Oklahoma Governor Kevin Stitt has warned that while he will not appeal against a US District Court ruling stating tribal gaming compacts in the state automatically renewed in January this year, the decision will cause difficulties for the state in future.
Stitt had previously that claimed the existing 15-year compacts with tribes did not automatically renew for another 15 years and would have to be renegotiated in order to continue.
However, tribes including the Cherokee, Chickasaw and Choctaw Nations argued that these compacts were automatically renewed in January – a view supported by US District Court Judge Timothy DeGiusti at a hearing in July.
Upon announcing the ruling, DeGiusti said the compacts allowed for automatic renewal if other non-tribal organisations were authorized to offer electronic gaming other than on-course pari-mutuel wagering.
Stitt had voiced his displeasure at the ruling, but has now stated that he will not lodge an appeal against the decision.
The Governor added that the ruling, coupled with the decision in the McGirt vs Oklahoma case – which ruled that much of the eastern portion of the state of Oklahoma remains as Native American lands – raises a number of challenges for the gambling market moving forward.
“It is essential for state and tribal leaders to join together to resolve the challenges this ruling presents for Oklahomans and their businesses,” Stitt said.
“For Oklahoma to become a Top Ten state, we must work together to find solutions that respect the unique relationship between the State of Oklahoma and its tribal citizens and that provide certainty and fairness for all Oklahomans.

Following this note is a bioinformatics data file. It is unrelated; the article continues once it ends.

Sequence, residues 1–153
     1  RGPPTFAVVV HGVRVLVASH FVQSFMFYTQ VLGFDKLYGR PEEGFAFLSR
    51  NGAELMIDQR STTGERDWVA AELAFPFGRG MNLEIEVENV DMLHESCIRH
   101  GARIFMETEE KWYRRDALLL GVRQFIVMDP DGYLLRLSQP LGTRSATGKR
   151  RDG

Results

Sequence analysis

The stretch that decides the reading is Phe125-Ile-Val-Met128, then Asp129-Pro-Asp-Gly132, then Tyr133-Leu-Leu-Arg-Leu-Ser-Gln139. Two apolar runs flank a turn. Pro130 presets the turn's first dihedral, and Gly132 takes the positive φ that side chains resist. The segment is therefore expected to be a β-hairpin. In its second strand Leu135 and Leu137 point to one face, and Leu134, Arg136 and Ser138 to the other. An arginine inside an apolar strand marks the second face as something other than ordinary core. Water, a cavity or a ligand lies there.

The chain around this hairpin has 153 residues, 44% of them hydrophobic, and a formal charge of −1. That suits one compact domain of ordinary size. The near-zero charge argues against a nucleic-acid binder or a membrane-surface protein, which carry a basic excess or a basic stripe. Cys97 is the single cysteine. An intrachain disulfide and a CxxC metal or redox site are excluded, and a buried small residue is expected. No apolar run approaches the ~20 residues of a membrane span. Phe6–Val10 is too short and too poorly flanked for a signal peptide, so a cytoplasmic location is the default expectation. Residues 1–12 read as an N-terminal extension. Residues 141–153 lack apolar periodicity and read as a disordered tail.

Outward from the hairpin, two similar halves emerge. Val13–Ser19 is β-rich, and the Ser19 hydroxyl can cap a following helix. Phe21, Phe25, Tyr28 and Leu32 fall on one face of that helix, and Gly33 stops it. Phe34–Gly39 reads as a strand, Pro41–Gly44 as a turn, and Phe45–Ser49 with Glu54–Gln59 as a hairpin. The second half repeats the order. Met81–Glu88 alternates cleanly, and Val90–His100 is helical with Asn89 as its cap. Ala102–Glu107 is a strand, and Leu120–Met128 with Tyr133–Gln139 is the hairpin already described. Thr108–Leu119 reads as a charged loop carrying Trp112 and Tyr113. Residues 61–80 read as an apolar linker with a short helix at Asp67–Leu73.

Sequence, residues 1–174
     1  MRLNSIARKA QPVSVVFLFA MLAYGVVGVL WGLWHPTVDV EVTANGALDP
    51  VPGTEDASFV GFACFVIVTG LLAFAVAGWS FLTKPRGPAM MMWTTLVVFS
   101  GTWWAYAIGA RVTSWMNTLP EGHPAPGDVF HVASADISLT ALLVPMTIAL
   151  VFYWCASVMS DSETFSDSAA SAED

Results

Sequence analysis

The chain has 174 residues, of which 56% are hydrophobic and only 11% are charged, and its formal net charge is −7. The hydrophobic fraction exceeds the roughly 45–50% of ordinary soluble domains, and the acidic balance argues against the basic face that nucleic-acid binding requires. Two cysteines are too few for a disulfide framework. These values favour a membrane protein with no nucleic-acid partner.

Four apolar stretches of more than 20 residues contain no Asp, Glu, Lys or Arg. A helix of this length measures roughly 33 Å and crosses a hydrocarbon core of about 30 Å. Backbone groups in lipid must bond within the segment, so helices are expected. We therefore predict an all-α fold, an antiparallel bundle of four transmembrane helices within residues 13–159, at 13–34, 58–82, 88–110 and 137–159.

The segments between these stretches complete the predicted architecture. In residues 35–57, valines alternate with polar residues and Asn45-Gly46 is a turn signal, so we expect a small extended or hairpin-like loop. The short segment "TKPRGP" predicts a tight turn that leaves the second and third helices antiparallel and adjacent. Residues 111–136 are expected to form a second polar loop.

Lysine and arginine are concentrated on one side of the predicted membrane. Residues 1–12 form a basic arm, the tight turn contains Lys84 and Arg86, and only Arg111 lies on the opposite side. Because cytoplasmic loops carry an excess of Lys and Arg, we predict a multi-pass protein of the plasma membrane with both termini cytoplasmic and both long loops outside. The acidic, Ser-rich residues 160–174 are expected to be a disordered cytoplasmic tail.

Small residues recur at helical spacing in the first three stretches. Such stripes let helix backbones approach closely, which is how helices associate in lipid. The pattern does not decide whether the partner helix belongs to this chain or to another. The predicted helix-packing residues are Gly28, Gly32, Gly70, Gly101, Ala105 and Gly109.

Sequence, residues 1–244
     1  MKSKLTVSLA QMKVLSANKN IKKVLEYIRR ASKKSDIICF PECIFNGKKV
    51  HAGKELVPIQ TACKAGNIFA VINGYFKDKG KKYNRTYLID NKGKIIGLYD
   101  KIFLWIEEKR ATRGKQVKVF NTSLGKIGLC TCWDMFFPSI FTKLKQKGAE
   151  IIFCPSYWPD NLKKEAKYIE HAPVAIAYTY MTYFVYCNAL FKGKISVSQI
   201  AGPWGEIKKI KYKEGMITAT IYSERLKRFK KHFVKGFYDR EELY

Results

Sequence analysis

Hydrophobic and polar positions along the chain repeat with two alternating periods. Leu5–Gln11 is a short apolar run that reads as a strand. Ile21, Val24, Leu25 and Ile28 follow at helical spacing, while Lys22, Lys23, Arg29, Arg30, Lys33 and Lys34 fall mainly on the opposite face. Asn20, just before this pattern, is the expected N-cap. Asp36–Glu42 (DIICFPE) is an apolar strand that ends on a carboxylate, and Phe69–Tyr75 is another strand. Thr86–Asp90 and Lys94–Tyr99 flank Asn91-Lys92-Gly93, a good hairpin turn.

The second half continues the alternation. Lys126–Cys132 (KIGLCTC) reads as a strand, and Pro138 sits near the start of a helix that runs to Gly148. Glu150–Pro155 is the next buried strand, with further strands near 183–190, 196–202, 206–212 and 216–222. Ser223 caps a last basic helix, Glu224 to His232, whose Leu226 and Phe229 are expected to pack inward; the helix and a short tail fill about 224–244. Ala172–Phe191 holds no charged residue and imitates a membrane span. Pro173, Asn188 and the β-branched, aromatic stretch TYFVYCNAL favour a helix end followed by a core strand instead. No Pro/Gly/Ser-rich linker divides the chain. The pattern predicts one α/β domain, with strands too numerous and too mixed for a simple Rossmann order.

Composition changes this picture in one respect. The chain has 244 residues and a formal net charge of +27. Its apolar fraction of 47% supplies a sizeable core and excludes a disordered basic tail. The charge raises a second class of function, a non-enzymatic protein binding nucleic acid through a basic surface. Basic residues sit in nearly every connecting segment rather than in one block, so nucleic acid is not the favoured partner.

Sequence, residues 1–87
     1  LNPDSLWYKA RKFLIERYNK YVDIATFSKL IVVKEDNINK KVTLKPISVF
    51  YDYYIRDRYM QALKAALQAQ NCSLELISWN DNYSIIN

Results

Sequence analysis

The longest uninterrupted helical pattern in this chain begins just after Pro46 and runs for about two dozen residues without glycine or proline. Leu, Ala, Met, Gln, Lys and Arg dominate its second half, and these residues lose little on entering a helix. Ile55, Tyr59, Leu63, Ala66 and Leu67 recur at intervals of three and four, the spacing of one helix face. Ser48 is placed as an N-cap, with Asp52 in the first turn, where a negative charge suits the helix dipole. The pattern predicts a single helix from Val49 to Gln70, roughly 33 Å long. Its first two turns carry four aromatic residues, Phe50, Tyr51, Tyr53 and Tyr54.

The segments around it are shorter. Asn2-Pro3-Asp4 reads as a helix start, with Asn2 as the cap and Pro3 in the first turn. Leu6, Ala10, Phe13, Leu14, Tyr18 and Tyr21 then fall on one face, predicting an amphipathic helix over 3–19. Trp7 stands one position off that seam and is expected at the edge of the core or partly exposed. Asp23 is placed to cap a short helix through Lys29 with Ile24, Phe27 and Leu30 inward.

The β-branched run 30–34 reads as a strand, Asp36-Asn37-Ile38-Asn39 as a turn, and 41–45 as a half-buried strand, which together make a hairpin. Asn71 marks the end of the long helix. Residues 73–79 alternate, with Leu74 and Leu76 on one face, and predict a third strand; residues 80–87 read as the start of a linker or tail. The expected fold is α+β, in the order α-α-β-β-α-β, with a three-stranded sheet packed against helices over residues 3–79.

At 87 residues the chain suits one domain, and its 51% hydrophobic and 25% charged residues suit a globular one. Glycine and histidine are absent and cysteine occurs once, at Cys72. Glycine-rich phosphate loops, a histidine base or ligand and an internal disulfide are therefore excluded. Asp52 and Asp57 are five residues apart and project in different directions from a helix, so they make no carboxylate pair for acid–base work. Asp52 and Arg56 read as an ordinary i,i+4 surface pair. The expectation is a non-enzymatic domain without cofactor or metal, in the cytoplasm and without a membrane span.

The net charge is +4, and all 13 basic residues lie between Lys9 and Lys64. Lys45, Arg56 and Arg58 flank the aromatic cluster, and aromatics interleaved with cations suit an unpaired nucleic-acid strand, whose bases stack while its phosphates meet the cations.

“Our state agencies regularly cooperate with the tribes on matters involving public safety, health care, human services, transportation, education, the environment, energy and many other areas. I hope this can continue, as together we are ‘One Oklahoma’.”
Stitt’s decision not to appeal the ruling seemingly brings to an end a legal debate that has clouded the future of the state’s gambling market this year.
In April, Stitt signed compacts with the Otoe-Missouria Tribe and the Comanche Nation, allowing the tribes to offer Class III games such as sports betting, poker, roulette, slots and blackjack.
However, the compacts faced heavy criticism from the state legislature and other tribal operators, with the Oklahoma Supreme Court eventually voting to reject the two compacts after ruling their were invalid under state law.
The state’s Supreme Court voted 7-1 to reject the compacts, ruling the deals cannot be deemed legal as they include games that have not yet been approved in the state and therefore generating revenue from the games is prohibited.
Stitt in July also negotiated compacts with Oklahoma’s Kialegee Tribal Town (KTT) and the United Keetoowah Band of Cherokee Indians (UKB), covering Class III and table games, though not sports betting. These compacts, the Oklahoma Indian Gaming Association argues, are also invalid as they were negotiated and signed while the core issues regarding existing tribal compacts was yet to be adjudicated.
The US Department of the Interior in August ratified these two compacts.